Watch the video report by ITV Cymru Wales reporter, Kate Lewis.
Around 35% of medical staff in Wales are from ethnic minority backgrounds, but a new report has warned that many could quit due to persistent and intolerable levels of racism faced at a personal and institutional level.
A landmark report into racism in medicine by the British Medical Association has found that nearly one third of doctors surveyed have considered leaving the NHS or have already left within the past two years due to race discrimination, with 42% of Black and 41% Asian doctors in particular having considered leaving or having left.
Professor Keshav Singhal is Chair of British Association of Physicians of Indian Origin Wales and an Orthopaedic Surgeon at Princess of Wales Hospital in Bridgend. He believes that if things don’t improve "urgently" then the NHS in Wales could face "collapse".
'If we take out the BAME doctors and nurses the Welsh health service will collapse'
"I think it's fair to say if we take out the BAME doctors and nurses the Welsh health service will collapse. It's as simple as that.
"I think over 35 percent of all staff in Wales is BAME background and I think they provide an absolute incredible service particularly in areas which are far off where a lot of colleagues don’t want to go which are inaccessible. West Wales, rural west Wales, north Wales. Some hospitals have over 60 percent of their staff as ethnic minorities."
The survey, one of the most comprehensive of its kind on the experience of racism in the medical profession and workplace, paints a picture of institutional barriers to career progression, dangerously low levels of reporting of racist incidents, and a building mental health burden on ethnic minority doctors.
The report identifies systemic failure which will need every health organisation to work together to bring an end to structural racism and rectify the disproportionate outcomes in careers and job satisfaction faced by different ethnic groups.
"I see indications from all health boards in Wales that they are taking this very seriously. Each health board has created a BAME champion, a BAME network and Cwm Taf Morgannwg have been at the forefront of all of this, but what is important is how this translates into actions and how we devise a reporting system saying this year we've made these changes this is the effect of those changes and so on year by year.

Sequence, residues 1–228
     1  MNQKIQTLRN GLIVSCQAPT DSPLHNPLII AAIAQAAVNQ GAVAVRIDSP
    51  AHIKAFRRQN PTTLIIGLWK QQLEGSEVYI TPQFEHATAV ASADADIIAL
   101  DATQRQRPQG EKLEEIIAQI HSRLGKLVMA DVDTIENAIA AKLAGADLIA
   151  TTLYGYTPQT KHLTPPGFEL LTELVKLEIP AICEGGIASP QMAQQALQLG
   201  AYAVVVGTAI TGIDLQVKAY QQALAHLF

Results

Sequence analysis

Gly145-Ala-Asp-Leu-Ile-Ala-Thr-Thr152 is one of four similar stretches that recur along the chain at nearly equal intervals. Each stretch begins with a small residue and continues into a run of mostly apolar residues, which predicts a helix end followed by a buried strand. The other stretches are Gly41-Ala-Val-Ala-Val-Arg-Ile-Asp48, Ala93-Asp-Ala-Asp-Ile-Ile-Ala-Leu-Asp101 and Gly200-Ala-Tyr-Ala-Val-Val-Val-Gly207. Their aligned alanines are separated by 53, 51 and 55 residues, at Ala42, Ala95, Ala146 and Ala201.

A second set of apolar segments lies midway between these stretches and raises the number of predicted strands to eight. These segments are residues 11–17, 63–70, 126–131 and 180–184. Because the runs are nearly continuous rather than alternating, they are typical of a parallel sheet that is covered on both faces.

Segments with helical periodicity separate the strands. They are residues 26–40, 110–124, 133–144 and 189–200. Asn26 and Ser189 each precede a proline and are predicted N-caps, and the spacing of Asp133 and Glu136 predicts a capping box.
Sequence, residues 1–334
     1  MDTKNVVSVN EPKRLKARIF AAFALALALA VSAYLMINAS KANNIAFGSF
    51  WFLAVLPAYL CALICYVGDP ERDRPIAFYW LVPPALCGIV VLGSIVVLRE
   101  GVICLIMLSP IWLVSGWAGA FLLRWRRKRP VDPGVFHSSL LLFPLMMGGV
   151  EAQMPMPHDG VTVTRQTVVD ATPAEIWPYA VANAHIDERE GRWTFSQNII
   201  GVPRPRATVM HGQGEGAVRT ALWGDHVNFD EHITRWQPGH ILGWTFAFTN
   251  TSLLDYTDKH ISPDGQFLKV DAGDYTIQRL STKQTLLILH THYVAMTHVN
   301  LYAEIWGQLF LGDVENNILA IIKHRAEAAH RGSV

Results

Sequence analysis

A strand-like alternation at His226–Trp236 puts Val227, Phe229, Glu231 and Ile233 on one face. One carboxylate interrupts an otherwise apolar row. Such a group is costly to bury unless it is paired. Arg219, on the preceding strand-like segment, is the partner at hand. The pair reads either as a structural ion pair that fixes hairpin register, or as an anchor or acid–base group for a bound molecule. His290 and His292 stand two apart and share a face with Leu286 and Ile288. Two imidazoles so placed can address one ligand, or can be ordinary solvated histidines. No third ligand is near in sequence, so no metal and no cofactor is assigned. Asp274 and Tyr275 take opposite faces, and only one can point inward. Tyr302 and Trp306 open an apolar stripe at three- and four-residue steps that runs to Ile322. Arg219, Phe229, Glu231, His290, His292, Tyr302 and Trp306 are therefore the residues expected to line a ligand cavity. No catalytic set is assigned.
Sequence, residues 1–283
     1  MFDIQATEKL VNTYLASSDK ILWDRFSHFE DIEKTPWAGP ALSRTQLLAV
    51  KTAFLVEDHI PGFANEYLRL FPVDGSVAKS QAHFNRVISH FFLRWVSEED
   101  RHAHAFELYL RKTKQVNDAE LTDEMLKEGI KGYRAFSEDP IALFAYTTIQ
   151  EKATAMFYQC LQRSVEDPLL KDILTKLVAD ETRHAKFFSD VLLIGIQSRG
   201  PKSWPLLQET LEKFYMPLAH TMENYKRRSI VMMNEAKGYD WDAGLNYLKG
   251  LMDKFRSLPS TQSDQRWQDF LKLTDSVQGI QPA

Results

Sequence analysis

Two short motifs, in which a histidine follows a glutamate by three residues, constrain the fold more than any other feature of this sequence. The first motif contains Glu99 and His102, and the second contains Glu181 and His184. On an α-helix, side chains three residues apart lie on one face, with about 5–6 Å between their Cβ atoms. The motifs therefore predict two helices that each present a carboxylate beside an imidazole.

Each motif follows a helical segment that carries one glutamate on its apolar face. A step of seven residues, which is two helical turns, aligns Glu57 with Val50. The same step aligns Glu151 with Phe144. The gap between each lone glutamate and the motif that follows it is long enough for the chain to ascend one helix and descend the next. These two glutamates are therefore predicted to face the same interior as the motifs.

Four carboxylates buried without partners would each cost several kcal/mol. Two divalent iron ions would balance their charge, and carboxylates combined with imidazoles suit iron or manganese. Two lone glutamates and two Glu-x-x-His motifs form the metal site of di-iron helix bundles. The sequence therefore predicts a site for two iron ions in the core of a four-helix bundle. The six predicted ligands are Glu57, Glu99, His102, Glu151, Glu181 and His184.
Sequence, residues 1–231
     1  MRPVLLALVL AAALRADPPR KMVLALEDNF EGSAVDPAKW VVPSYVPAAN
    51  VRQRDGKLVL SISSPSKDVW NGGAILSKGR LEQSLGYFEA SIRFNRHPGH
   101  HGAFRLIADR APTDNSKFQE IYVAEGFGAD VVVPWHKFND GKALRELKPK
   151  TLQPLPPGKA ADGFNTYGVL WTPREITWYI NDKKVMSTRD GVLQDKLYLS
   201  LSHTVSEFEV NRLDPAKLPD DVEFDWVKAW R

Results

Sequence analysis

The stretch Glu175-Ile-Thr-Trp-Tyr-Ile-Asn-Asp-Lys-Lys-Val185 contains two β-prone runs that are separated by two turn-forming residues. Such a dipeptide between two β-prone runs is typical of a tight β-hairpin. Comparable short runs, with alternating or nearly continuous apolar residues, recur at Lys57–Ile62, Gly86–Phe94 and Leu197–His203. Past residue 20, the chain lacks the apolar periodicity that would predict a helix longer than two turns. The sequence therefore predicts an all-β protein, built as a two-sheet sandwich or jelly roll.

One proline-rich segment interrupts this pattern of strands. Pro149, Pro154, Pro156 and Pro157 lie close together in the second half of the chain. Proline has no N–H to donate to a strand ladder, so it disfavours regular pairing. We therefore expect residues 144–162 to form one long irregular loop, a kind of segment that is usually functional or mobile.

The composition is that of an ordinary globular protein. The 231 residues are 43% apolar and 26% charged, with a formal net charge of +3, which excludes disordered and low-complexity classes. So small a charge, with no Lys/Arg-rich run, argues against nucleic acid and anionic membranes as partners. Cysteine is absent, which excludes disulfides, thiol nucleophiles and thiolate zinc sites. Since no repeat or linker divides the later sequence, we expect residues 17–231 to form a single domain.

"I think the most important thing in my opinion is to make sure there is a senior representation in proportion to the workforce at the senior management level and board level as until that senior there is not going to be that voice which feeds into the decision making process."
The report comes just a week after the Welsh Government announced plans to make Wales an Anti Racist Nation by 2030.
A Welsh Government spokesperson said: "The Welsh Government is taking immediate action to make Wales an anti-racist nation by eradicating all forms of racist discrimination and harmful behaviour at work. Work is ongoing with NHS employers and trade unions to establish Speaking Up Safely framework to improve NHS Wales workforce confidence in reporting incidents of racism.
"We have begun the process of auditing NHS Wales employment policies through an anti-racist lens, and to improve the quality of workforce data to ensure any disparities and discrimination in workforce experiences are highlighted and addressed.
"These actions are progress against our Anti-racist Wales Action Plan (ARWAP) published last week, which aims to tackle systemic and institutionalised racism. Drawing on Black, Asian and Minority Ethnic communities' experiences of racism, and race inequality, the Plan sets out a series of actions from across Government to make a real difference to the lives of people in Wales."
Dr Chaand Nagpaul, BMA chair of council, said: "The NHS was built on the principle of equality of care for patients whoever they are, but this report shows that the NHS is shamefully failing in this principle for its own doctors, with those from ethnic minorities reporting alarming levels of unfair treatment and racial inequality at work.
"It is deeply concerning that so many of those surveyed did not report racism, either out of fear of recrimination, being labelled a troublemaker or a lack of confidence it would be properly investigated. This means that doctors are suffering in silence, and the true extent of racism is neither exposed nor addressed.
"Our report depicts the scale of their suffering - being overlooked for promotion, forced to change their chosen specialty, feelings of isolation and exclusion. With 60% Asian and 57% Black respondents seeing racism as a barrier to career progression, patients are failing to benefit from the full skills and talent of an ethnically diverse workforce.
"What all this this adds up to is a tragic waste of potential as doctors of ethnic minority are held back, dragged down or simply walk away from the profession.
"Experiencing racism is extremely distressing, with nearly two thirds of doctors we surveyed saying their mental wellbeing had deteriorated as a result, with many suffering depression, low self-esteem and anxiety. There is evidence that incivility can affect the cognitive functioning of doctors, and consequently this is having an adverse impact on patient care.
"Racism is wrecking the lives of many doctors, affecting patient care and threatening services. The time for talk on this is over. Our report makes a range of clear recommendation for change which demand action across the health system, from Government to NHS organisations, leaders and other institutions." The five themes under which the report's recommendations come are:
Being explicit about the need for change
Improving racial literacy
Investment in root cause analysis and evaluation of interventions
Improving reporting processes